"We felt more confident that we could beat the Rangers if we kept pounding their defensemen," Courtnall said. "They got so tired they couldn't go back and get the puck anymore. Whereas against the Bruins, we tried to get them off their game, but we couldn't."

"It's the division thing," goalie Don Beaupre said. "We had played them so much we knew exactly what it took to beat them. We just knew we were going to win. We knew against New Jersey too, even when we got down two games to one. Maybe we knew what it took to beat the Bruins, but we couldn't do it."

The Capitals had played Boston only three times during the regular season, losing twice. They suspected that the Bruins were a better team than any in the Patrick Division. Quickly, their suspicions were confirmed. They knew they didn't have much room for error -- and they knew they had erred grievously by not putting away Game 1.

"If we had a fault," Liut said, "it was that we overhandled the puck and didn't bring it to the net like we did against the Rangers. If you get too fine, too cute, you're going to have trouble scoring against the league's best defensive team."

"They took it away from us" -- that was an often-used phrase in the Capitals' locker room Wednesday night as the players came to terms with the Boston sweep. The Bruins took away Game 1 from them and, as Nick Kypreos put it, "Every time we seemed to get a little life, anytime we got a little close, they took it away from us."

"We had skated with them and taken it to them in Boston," said Courtnall. "But then we sat back a little and they took it away."

What the Bruins did in Game 1 they essentially were still doing in Game 4. After Kypreos's goal cut Boston's lead to 2-1, Cam Neely fired the clincher 2:08 into the third period. As Kypreos and others said, they didn't give the Capitals many chances and raised their play when the Capitals got close.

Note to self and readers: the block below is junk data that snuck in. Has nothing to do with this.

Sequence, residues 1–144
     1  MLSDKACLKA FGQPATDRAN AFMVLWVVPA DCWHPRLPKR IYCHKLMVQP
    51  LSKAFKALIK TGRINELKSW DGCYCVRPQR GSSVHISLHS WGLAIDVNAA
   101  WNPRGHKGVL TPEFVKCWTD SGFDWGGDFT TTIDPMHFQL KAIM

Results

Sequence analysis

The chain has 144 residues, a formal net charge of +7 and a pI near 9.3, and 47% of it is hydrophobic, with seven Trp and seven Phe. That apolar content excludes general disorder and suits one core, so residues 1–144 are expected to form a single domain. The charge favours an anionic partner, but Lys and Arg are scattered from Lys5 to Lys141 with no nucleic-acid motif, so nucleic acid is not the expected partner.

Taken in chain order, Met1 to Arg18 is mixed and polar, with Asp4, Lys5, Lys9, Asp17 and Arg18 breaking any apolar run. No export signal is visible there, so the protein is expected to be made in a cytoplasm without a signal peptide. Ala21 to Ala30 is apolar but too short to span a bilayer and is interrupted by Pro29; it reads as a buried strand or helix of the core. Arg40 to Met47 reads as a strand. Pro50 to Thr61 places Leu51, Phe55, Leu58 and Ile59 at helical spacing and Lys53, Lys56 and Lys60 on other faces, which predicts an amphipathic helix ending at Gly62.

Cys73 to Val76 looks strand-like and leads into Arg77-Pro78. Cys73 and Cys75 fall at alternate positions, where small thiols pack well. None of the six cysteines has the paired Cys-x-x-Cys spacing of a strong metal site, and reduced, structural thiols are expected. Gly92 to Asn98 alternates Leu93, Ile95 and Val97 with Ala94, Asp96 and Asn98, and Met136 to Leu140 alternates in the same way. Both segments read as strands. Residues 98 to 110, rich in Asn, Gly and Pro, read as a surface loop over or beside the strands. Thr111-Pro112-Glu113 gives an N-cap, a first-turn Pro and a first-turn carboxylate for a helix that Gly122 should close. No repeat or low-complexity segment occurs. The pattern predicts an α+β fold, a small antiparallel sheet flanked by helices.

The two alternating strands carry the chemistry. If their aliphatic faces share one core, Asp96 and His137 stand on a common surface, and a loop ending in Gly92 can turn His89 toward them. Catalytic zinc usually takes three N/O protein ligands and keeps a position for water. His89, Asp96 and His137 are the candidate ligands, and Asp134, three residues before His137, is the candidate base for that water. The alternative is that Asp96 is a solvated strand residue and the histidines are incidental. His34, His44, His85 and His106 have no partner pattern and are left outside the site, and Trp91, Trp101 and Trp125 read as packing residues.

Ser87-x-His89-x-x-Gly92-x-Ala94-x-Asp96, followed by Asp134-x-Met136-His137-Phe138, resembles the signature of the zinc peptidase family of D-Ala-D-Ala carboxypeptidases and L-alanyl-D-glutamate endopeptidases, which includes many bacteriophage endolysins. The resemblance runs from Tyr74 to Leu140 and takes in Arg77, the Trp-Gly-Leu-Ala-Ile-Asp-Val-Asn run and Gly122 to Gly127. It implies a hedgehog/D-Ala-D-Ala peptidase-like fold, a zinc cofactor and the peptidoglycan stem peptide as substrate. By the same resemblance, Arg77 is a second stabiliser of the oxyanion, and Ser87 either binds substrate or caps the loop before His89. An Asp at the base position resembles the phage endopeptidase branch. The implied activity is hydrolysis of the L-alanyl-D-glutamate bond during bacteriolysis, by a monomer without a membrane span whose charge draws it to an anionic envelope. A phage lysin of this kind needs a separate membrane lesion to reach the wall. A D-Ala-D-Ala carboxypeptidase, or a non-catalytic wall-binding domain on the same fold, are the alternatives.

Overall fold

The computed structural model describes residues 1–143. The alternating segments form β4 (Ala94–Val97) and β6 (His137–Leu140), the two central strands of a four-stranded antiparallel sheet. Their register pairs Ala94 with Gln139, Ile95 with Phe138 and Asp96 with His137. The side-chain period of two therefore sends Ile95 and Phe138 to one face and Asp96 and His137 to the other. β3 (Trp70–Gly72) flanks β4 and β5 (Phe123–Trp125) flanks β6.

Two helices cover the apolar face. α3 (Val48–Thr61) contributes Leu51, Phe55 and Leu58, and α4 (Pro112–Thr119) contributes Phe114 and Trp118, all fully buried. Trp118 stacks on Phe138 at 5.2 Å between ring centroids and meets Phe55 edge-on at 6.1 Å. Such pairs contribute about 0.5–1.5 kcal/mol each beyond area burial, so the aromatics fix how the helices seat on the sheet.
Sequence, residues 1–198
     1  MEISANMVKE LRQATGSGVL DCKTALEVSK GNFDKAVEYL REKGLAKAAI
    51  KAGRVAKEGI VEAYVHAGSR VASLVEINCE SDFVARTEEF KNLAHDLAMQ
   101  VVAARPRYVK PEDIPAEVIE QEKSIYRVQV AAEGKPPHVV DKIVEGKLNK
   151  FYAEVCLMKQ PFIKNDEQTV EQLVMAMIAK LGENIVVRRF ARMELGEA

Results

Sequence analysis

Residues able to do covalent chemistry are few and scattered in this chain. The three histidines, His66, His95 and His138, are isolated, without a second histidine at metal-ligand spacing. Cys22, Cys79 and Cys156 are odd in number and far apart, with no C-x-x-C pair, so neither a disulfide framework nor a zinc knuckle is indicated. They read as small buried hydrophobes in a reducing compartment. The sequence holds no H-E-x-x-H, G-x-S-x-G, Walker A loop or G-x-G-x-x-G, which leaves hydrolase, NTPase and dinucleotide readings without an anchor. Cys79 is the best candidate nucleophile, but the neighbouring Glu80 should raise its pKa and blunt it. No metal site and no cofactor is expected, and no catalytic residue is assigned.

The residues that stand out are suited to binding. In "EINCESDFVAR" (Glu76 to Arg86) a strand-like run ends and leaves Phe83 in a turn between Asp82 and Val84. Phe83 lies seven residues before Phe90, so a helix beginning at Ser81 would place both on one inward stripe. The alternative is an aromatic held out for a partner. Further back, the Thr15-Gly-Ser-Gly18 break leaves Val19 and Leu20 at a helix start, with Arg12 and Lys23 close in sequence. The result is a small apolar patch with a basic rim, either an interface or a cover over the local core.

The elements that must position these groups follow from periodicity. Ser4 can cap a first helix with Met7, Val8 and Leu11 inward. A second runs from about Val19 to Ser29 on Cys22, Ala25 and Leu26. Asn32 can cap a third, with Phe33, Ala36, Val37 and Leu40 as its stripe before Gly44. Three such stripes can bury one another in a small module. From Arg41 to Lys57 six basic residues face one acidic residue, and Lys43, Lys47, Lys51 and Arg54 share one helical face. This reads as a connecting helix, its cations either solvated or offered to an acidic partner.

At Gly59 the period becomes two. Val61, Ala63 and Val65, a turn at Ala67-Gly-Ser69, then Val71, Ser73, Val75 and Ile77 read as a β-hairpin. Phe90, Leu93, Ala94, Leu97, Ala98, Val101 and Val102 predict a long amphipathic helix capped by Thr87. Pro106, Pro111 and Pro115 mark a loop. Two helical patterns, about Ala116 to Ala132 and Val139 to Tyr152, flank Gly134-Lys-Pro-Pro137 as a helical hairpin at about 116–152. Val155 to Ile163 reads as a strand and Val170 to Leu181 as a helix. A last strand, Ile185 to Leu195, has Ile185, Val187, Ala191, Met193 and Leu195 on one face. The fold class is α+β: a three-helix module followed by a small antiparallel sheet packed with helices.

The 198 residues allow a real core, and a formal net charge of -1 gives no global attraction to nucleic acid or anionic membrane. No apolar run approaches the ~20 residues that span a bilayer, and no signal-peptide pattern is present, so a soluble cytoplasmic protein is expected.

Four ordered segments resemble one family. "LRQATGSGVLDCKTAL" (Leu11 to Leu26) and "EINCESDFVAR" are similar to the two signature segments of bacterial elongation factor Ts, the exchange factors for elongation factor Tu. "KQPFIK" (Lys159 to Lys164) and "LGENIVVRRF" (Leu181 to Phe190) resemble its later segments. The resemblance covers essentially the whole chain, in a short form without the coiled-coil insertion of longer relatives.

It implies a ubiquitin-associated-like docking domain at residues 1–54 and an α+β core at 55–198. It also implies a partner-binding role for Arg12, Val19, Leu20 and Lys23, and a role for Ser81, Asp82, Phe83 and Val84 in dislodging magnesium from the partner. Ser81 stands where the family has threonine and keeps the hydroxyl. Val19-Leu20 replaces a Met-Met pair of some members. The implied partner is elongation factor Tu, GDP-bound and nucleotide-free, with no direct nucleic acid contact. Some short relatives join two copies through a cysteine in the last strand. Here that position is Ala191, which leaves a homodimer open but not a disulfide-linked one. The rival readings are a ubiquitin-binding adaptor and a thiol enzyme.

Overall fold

"They didn't back down," Courtnall said. "They covered for each other well. They were so consistent. They never really left us a lot of room to create anything offensively."

To Alan May, the Capitals lacked the overall consistency against Boston that they displayed in the first two playoff series. The Bruins had a lot to do with it; they simply didn't let the Capitals do much of anything they wanted.

"We changed from the way we played against New York and New Jersey," May said. "Some nights against Boston, two lines had it or three lines had it, but you've got to have all the lines clicking."

Clearly, the Capitals were outplayed and admitted it. It might have been a different series had they had the injured Dino Ciccarelli and Kevin Hatcher but, as Courtnall said, "no matter how you look at it, Boston is a real good club."

A better club than the Devils and Rangers, the Bruins gave Washington one chance. They never made the mistake again.

© Copyright 1998 The Washington Post Company